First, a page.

As Peak Hurricane Season Approaches, Floridians Should Review Homeowners Insurance For Costly Coverage Mistakes
For Immediate Release
Tampa, FLAugust 6, 2015
FOR IMMEDIATE RELEASE
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TAMPA, FL, August 6, 2015 — Peak hurricane season runs from mid-August through October, making this a good time to review insurance coverage. And, while saving money is important, shaving off key protections in order to reduce insurance premiums can be costly if things go wrong. according to the Insurance Information Institute (I.I.I.).
Although the 2015 hurricane season is predicted to be below normal, the National Oceanic and Atmospheric Administration (NOAA) cautions that three to six storms may still reach hurricane strength this year. “The best way to avoid living the cliché of being ‘penny wise and pound foolish’ is to know what less-than-full coverage will cost you,” said Lynne McChristian, Florida representative for the I.I.I. “Talk with an insurance professional before the winds kick up to understand the difference between smart shopping and possible costly mistakes.”
Smart shoppers look for ways to money–and there are several smart ways to save money on homeowners insurance. However, there are also some costly mistakes that can backfire if a hurricane hits:
Mistake #1: Going “bare.”
Homeowners without a mortgage are not required to have home insurance—but going without insurance protection means the risk of losing what you’ve invested in what is likely one of your most important assets. For most people, setting aside a pool of money large enough to rebuild a home or replace all their possessions is too much of a financial challenge, leaving them with insufficient funds in the event of a total loss.
Mistake #2: Eliminating windstorm and contents coverage.
Florida has a law allowing an exclusion of windstorm or contents coverage. While a residential property insurance policy typically includes this protection, homeowners may choose to send a handwritten and signed letter to their insurer asking that such coverage be excluded and acknowledging they will pay for any losses. Excluding windstorm and/or contents coverage can save you hundreds of dollars a year on insurance. “But the downside is you will need to pay thousands of dollars—or even hundreds of thousands of dollars—out of your own pocket if a hurricane strikes,” said McChristian.
Mistake #3: Declining Building Ordinance or Law coverage.
Homes age and building codes improve. That often means that there can be a big difference in the structural strength of a newly built home and one that is 10 or more years old. Florida now has among the strongest building codes in the United States, according to a report by the Insurance Institute for Business & Home Safety. This is a good thing, but it does mean that if a home is damaged or destroyed, rebuilding to current building codes will raise the cost of reconstruction. Building Ordinance or Law coverage pays for this additional expense.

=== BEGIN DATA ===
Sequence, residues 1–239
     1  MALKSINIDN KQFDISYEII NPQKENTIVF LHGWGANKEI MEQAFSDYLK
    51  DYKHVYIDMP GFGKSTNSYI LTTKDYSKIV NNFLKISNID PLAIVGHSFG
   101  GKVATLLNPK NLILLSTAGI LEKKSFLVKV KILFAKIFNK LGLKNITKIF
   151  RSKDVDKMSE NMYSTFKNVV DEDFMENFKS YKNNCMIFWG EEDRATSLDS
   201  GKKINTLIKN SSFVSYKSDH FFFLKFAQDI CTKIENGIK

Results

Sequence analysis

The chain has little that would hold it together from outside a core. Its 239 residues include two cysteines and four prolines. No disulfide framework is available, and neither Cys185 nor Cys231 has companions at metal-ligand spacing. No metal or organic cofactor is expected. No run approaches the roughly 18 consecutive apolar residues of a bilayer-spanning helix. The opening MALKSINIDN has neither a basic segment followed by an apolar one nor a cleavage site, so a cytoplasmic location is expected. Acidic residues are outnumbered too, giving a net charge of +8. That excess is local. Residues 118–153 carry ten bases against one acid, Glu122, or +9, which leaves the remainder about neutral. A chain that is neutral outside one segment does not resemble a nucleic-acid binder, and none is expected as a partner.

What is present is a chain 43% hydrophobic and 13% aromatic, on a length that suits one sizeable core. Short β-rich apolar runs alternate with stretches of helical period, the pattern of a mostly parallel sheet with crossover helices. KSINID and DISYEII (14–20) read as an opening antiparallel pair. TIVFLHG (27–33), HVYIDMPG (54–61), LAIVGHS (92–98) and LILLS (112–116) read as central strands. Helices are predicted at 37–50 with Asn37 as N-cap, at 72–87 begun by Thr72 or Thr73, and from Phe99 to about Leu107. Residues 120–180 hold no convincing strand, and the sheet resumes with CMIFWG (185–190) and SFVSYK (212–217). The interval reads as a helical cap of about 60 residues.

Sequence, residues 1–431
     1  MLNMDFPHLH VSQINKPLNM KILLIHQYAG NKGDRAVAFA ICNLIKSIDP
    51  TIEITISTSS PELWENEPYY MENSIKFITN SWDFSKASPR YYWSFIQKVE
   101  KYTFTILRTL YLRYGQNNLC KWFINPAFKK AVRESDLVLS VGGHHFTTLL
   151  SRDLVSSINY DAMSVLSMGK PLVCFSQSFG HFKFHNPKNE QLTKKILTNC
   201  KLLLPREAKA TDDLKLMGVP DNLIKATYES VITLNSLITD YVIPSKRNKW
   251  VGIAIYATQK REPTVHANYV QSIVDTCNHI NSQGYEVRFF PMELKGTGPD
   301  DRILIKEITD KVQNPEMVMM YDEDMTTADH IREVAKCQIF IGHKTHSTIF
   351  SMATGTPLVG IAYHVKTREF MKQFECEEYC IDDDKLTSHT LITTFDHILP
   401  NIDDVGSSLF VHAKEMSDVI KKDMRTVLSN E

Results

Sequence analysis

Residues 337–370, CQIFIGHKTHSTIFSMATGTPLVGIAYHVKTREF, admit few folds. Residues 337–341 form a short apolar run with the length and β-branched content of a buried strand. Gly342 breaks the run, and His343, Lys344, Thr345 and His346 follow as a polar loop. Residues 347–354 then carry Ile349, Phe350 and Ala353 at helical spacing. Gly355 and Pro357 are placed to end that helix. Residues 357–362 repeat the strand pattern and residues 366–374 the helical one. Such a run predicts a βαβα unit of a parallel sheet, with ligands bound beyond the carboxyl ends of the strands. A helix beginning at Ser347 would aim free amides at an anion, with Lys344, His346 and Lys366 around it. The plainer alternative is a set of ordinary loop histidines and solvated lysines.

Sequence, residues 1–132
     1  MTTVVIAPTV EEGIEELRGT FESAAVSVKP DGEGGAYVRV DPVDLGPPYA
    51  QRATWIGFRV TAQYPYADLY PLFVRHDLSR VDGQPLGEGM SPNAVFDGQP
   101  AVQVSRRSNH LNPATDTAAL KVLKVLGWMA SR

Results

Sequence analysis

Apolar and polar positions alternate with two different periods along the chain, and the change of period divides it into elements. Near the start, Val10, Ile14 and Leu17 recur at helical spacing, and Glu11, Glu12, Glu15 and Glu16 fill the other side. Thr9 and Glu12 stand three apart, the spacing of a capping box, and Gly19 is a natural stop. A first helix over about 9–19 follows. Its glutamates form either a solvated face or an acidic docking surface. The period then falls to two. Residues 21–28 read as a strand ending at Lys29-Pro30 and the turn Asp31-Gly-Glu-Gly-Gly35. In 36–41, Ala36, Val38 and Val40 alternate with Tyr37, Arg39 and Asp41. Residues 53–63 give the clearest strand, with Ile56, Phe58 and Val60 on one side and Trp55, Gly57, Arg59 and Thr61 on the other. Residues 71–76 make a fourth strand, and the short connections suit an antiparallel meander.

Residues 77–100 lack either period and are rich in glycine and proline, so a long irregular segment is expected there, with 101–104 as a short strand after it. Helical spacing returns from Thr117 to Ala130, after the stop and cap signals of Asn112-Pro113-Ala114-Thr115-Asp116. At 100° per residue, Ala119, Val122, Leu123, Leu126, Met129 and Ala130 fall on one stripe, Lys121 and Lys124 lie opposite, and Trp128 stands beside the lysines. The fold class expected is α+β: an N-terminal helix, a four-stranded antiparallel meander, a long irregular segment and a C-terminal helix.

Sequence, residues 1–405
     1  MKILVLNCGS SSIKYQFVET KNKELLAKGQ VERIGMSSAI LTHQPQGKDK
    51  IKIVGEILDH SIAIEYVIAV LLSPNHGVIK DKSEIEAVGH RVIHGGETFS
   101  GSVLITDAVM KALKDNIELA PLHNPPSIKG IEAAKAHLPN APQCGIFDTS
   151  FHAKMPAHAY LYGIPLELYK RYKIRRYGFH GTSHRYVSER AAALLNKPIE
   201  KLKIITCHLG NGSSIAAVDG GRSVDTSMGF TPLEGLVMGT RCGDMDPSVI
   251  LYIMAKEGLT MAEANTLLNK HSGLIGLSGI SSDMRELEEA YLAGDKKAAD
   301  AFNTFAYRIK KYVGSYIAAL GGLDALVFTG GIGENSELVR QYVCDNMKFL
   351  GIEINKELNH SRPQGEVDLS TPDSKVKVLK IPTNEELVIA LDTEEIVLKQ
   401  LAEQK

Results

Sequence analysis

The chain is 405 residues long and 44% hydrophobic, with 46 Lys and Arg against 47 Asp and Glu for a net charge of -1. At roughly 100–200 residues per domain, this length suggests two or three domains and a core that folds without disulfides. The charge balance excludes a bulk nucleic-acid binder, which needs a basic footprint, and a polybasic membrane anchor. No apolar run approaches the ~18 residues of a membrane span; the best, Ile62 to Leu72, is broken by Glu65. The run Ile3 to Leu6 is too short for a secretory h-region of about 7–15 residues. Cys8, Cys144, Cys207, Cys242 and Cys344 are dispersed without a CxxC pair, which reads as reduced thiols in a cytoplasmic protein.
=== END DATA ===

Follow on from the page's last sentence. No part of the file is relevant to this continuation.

Mistake #5: Choosing a high hurricane deductible.
Florida is one of several coastal states with a percentage hurricane deductible based on a home’s insured value. Homeowners have the option to select up to a 10 percent hurricane deductible. High deductibles lower the cost of insurance, but they also mean higher out-of-pocket costs after a storm. For example, a homeowner with a house insured for $200,000 with a 10 percent hurricane deductible would have to contribute $20,000 toward rebuilding costs. Lowering the hurricane deductible to 2 percent would cut that amount to $4,000.
Mistake #4: Insuring for less than the rebuilding cost.
Most insurance companies will allow a homeowner to insure for less than what it costs to rebuild–though never below 80 percent of the home’s replacement cost. Homeowners who choose this option would be responsible for paying both their deductible and the additional cost to cover the gap in their rebuilding coverage.
Indeed, in hurricane-prone areas, it is worth considering a homeowners policy that provides broader coverage, called extended replacement cost coverage. After a major natural disaster, construction professionals may be in short supply and building materials in great demand. This combination increases the cost to rebuild. Extended replacement cost policies will pay an additional 20 percent or more above the policy limits to account for such increases.
Mistake #6: Forgoing flood insurance.
A standard homeowners insurance policy does not cover flood damage. Because it can rain hard —and for extended periods—even during a regular storm, every Floridian should consider purchasing a separate flood insurance policy from the National Flood Insurance Program (NFIP) or from a private insurance company. Excess flood insurance is also available from private insurance companies if more coverage is needed than the amount available from the NFIP.
Issues Update: Hurricane and Windstorm Deductibles
Facts and Statistics: About the National Flood Insurance Program
Florida Hurricane Fact File
The I.I.I. has a full library of educational videos on its You Tube Channel. Information about I.I.I. mobile apps can be found here.
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